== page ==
Classical CD Reviews
MAHLER: Symphony No. 1 in D Major – Baltimore Sym. Orch./ Marin Alsop – Naxos
Published on September 24, 2012
MAHLER: Symphony No. 1 in D Major – Baltimore Sym. Orch./ Marin Alsop – Naxos 8.572207, 54:55 ****:
I must confess that prior to this, the release of the 1888 Mahler First (rec. 26-28 September 2008) with the Baltimore Symphony under Marin Alsop (b. 1956), I had not been singularly impressed by any of her work, including the Brahms cycle with the London Philharmonic, most of which I find fussy and mannered. And having just auditioned for my own edification the exquisite Mahler First by Ivan Fischer for Channel Classics (CCS SA 33112), with their respective performance length differential of 50 seconds, I still find Alsop’s musical efficiency superior to her poetry.
Still, given that Alsop is the first woman ever to record a Mahler symphony (the Fifth) with a major orchestra (the LSO), she deserves more than a perfunctory glance or listen. The Baltimore Symphony certainly provides a responsive Mahler instrument, the horns, strings, harp, and percussion alert and resonant throughout the composer’s invocations of pantheistic lyrical outpourings. Alsop allows the first movement Langsam, schleppend a spaciousness requisite to mix or childlike wonder and lyrical nostalgia, especially as the song allusions from Lieder eines fahrenden Gesellen deal exclusively with unrequited love. But after having been raised on the likes of Walter, Bernstein, Mitropoulos, Kubelik, Horenstein, and Kletzki in the D Major Symphony, I find the bright coloration and bravura execution thin on passion.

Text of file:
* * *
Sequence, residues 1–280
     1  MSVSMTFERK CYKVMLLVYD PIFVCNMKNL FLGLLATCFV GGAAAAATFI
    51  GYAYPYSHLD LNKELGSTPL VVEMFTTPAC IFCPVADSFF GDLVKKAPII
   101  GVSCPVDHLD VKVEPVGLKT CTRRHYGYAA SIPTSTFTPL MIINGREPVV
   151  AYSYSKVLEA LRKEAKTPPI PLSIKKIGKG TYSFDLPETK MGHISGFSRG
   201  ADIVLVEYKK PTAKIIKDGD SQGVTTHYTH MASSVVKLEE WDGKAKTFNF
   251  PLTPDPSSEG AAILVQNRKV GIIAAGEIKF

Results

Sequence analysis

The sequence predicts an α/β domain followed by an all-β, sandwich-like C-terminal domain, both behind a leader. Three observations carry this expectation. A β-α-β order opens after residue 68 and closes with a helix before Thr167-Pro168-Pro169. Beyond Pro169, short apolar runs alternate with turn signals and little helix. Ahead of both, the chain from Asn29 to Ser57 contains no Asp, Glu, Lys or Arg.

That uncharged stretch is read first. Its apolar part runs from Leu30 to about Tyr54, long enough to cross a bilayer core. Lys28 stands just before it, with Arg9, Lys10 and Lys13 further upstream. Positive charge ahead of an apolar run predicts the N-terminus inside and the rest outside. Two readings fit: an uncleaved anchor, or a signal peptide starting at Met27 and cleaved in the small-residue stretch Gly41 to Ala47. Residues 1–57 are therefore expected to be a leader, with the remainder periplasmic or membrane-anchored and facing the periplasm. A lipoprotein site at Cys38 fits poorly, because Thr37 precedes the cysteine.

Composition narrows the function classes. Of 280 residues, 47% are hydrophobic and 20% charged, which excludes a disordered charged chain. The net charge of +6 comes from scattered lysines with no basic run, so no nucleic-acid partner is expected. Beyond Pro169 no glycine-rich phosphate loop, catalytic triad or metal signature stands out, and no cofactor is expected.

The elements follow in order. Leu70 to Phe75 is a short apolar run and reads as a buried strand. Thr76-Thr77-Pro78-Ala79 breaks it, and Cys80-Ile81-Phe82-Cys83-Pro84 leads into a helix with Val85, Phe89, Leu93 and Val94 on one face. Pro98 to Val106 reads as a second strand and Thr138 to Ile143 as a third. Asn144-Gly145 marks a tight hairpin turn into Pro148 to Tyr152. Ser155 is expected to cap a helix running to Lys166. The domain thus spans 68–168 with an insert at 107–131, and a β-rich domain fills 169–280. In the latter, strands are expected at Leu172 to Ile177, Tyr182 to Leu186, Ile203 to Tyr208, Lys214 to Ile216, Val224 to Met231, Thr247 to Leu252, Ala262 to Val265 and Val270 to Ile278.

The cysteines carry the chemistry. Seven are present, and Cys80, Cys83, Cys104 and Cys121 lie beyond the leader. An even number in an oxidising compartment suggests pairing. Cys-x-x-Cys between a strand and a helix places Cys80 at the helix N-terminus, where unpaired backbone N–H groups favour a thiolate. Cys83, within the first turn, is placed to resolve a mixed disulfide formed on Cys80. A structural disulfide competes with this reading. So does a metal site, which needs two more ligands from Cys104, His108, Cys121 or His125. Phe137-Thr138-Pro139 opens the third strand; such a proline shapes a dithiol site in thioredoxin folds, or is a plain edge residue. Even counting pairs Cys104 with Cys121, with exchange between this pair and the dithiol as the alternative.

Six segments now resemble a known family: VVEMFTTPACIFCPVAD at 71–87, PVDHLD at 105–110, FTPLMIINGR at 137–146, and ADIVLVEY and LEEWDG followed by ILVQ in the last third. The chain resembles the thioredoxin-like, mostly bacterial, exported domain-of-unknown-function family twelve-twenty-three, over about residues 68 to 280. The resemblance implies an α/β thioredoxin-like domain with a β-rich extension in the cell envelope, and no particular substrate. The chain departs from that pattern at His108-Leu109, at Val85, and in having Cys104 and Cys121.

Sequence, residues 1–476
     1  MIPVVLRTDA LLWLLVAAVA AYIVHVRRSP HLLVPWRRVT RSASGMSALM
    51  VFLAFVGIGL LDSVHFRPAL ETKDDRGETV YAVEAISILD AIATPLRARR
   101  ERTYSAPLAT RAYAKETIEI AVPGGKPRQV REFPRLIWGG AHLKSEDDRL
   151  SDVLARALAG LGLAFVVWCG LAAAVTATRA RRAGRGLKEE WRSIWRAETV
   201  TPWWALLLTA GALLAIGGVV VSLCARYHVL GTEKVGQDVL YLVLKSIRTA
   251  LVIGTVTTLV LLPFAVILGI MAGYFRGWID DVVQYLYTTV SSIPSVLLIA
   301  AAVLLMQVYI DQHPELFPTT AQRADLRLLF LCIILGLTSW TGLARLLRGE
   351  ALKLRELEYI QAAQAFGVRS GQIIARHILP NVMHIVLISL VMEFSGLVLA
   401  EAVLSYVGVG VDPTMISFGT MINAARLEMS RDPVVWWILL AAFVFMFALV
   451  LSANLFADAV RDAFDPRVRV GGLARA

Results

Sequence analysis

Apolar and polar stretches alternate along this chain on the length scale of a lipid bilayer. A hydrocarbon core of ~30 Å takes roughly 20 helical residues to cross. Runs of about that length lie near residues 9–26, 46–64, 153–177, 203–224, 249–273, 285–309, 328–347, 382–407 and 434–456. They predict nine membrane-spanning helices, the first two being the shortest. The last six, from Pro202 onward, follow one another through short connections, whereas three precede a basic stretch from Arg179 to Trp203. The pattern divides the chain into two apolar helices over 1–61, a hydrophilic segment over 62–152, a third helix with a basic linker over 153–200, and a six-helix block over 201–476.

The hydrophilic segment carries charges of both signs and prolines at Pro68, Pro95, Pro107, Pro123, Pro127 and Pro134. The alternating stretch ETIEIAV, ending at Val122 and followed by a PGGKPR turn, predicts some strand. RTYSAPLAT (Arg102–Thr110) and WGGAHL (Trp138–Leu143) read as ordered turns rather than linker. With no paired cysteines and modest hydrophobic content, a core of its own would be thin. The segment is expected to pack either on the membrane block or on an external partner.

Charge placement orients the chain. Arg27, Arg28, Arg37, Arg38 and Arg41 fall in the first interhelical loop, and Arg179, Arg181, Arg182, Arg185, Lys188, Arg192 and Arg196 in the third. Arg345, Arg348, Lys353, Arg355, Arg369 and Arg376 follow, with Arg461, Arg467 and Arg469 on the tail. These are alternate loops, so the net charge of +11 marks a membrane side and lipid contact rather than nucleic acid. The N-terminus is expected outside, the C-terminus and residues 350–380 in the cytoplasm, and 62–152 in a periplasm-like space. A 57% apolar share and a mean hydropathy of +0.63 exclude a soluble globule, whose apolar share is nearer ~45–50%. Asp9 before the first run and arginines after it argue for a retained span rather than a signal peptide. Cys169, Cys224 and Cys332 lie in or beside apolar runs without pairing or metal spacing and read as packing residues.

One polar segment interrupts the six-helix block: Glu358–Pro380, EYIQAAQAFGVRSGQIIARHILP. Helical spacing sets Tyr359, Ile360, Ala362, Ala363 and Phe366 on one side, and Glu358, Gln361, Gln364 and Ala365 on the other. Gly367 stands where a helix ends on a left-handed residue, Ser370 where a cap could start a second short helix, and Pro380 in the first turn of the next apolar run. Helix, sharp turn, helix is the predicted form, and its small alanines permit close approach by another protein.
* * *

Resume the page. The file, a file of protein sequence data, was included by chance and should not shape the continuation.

Alsop’s A Major Scherzo, swaggering and explosive, speaks more authentically, the brass and tympani jarring the sensibilities with a Beethoven menace, while the strings and winds invoke folk and klezmer sensibilities into the fertile mix. The lilting trio section assumes the most Viennese pose Alsop achieves in this performance, the combination of Schubert and sentimental parody quite effective. The bass fiddle opens rather distantly at first for the D Minor version of Frere Jacques, but the counterpoint and clarinet color soon compel us toward the raucous Bohemian dance that ensues, music that anticipates both Weill, Bartok, and Shostakovich. A resigned intimacy pervades the musical quotation from Die zwei blaue Augen that sends the narrator of the Wayfarer cycle into an indifferent universe. The final movement, stormy and agitated, moves at considerable speed under Alsop, a showpiece for the Meyerhoff Symphony Hall acoustics. A combination of grand, heroic and anguished gestures, Mahler called this F Minor movement “the cry of wounded heart.” Alsop permits some portamento into the strings over a pedal tympani, true to the Mahler style. Calls from the first movement, from the discarded Blumine movement, and from the mortal storms that would wrack Mahler in the course of his creative life, converge most powerfully; and by the last resounding chords, even the most skeptical of Alsop’s auditors should be convinced that Mahler suits her own multifaceted temperament.